There are many reasons you may want to learn how to install front derailleur. It may have stopped shifting through the gears properly, you may want to upgrade to a better derailleur or the old one may be worn out. Whatever the case, front derailleur installation is one of those things that looks quite complicated at first glance, but after you do it once you realize just how easy it is.
This post will take you through the tools and the steps to change a front derailleur. Before that, we’ll take a look at the different types of front derailleurs.
What is a Front Derailleur and Different Types of Front Derailleurs
A derailleur’s job is to change gears. It ‘derails’ the chain and pulls it from one cog or sprocket to the next. The front derailleur is the mechanism that shifts the chain on any bike that has more than one front chainring. It moves the chain between chainrings.
Different types of bikes need different types of derailleurs. For example, road bikes have very simple derailleur mechanisms compared to mountain bike derailleurs which have more complex designs.
A basic derailleur has a cage or box that goes over the chain. This cage is attached to a parallelogram, or linkage system, just like in a rear derailleur. In mechanical derailleurs, the linkage system is moved by a cable while in electric derailleurs it’s moved by a motor.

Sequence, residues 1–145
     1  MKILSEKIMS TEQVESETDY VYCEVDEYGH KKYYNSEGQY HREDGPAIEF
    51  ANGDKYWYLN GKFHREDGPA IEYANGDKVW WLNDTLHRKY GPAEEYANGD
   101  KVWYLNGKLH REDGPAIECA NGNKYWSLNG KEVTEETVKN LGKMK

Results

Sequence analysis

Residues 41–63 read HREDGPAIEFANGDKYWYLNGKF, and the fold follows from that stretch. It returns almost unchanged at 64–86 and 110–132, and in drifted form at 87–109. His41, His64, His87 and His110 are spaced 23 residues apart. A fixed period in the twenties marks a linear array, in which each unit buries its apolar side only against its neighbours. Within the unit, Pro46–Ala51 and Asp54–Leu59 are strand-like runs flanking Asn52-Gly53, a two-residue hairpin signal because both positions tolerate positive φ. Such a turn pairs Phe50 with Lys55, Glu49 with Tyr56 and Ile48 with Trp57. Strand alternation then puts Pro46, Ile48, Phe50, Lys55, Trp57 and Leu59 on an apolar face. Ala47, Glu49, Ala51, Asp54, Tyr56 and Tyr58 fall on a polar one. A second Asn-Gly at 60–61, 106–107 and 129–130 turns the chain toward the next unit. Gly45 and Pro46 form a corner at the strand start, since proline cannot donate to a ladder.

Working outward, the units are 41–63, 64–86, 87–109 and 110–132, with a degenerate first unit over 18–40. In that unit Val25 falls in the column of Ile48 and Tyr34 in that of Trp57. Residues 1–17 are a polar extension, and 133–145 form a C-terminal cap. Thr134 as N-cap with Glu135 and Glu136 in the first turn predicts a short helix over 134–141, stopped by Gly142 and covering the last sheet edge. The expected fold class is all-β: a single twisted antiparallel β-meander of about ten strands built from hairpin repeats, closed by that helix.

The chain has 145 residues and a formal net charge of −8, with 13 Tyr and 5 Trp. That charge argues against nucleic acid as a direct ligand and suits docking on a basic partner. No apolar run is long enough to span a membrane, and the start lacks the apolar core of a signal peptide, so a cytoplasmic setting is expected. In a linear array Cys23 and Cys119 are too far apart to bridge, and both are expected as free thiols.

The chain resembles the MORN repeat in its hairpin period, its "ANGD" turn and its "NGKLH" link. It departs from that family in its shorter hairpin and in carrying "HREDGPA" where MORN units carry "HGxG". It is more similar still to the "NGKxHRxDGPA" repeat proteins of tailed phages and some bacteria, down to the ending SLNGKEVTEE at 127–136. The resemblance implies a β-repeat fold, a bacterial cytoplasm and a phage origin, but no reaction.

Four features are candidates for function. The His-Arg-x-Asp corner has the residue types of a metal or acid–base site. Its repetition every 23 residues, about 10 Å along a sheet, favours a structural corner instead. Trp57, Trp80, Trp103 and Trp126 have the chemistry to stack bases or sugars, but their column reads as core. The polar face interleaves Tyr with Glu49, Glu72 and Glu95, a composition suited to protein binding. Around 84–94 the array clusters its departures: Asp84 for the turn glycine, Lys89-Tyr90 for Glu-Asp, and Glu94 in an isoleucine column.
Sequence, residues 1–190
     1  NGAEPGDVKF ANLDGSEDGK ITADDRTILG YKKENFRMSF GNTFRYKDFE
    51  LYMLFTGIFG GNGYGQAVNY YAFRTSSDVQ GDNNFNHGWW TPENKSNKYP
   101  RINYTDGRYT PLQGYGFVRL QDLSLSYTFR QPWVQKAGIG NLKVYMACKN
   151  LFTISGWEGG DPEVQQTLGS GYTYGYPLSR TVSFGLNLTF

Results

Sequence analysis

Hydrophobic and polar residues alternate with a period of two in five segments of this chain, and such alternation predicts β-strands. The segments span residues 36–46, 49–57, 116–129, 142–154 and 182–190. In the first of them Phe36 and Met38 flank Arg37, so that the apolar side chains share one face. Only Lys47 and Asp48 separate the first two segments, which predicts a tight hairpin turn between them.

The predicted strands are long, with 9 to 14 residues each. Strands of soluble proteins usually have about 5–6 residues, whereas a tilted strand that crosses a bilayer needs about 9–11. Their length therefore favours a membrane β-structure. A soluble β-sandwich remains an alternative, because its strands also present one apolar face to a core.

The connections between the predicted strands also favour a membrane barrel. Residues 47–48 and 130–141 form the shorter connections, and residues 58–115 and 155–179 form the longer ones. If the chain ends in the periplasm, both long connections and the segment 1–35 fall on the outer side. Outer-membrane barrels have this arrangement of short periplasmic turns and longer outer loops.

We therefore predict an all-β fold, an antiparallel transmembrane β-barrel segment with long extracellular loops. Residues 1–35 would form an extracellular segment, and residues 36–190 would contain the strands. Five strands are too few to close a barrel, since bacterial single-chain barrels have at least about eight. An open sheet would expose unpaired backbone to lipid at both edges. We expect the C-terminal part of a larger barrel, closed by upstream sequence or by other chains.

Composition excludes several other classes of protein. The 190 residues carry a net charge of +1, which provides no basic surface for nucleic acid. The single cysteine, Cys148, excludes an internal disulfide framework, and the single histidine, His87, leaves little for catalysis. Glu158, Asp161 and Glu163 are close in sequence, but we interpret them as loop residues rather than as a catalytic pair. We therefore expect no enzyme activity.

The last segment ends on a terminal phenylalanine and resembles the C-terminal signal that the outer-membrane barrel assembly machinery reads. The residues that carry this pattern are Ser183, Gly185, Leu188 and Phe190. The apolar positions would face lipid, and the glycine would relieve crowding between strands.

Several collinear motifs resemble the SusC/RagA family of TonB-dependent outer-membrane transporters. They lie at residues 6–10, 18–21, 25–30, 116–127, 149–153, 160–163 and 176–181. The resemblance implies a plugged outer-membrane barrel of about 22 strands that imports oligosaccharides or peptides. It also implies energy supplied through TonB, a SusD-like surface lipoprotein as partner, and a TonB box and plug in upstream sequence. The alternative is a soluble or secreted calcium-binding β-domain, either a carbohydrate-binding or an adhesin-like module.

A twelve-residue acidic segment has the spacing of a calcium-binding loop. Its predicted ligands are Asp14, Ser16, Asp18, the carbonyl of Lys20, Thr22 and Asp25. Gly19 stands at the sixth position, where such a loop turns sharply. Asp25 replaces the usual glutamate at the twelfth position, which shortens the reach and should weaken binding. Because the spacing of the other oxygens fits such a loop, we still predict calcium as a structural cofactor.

All derailleurs have limit screws usually marked with an “H” and an “L”. Tightening these screws restricts the cage when you’re cycling.
The term “cable pull” is important when discussing how to change a front derailleur. It refers to the direction from which the cable enters the cage to pull the derailleur. There are 3 types of cable pulls; front pull, bottom pull, and dual pull.
A top pull derailleur is one which the cable is pulled from the top. In bottom pull, the cable is pulled from the bottom. Dual-pull derailleurs were created to make these systems more universal and the cable can be pulled from either the top or the bottom.
Check out How to Install a Rear Derailleur
What Can Damage a Front Derailleur?
There are several reasons why front derailleurs break:
- Over-shifting into the spokes. This usually happens when the low limit screw isn’t properly set and the derailleur moves beyond the largest cog.
- If the hanger bends because of an accident, especially if the bike falls on its right side.
- If the front derailleur is built out of cheap materials or using poor workmanship. If any part of the derailleur is weak it will break even from mild vibrations when you ride over rough terrain.
- Wear, tear, and age are the most common cause for front derailleur breakdown.
- When debris gets caught between the chain and the derailleur it can cause cracks and breakage.
Front Derailleur Maintenance
Checking derailleurs regularly is important if you don’t want to have to be new ones often. With proper maintenance, you can get front derailleurs to last a long time, especially if you don’t use your bike every day and don’t commute over extreme terrain.
All it takes is regular inspection. The easiest way to tell whether your front derailleur has a problem is if it’s making unusual noises when you shift gears. If it’s louder than usual there’s a good chance you need a new front derailleur.
Here’s what else you should look out for:
- The chain shouldn’t come off.
- The chain and the chainring should line up properly (the chain rubs against the chainring).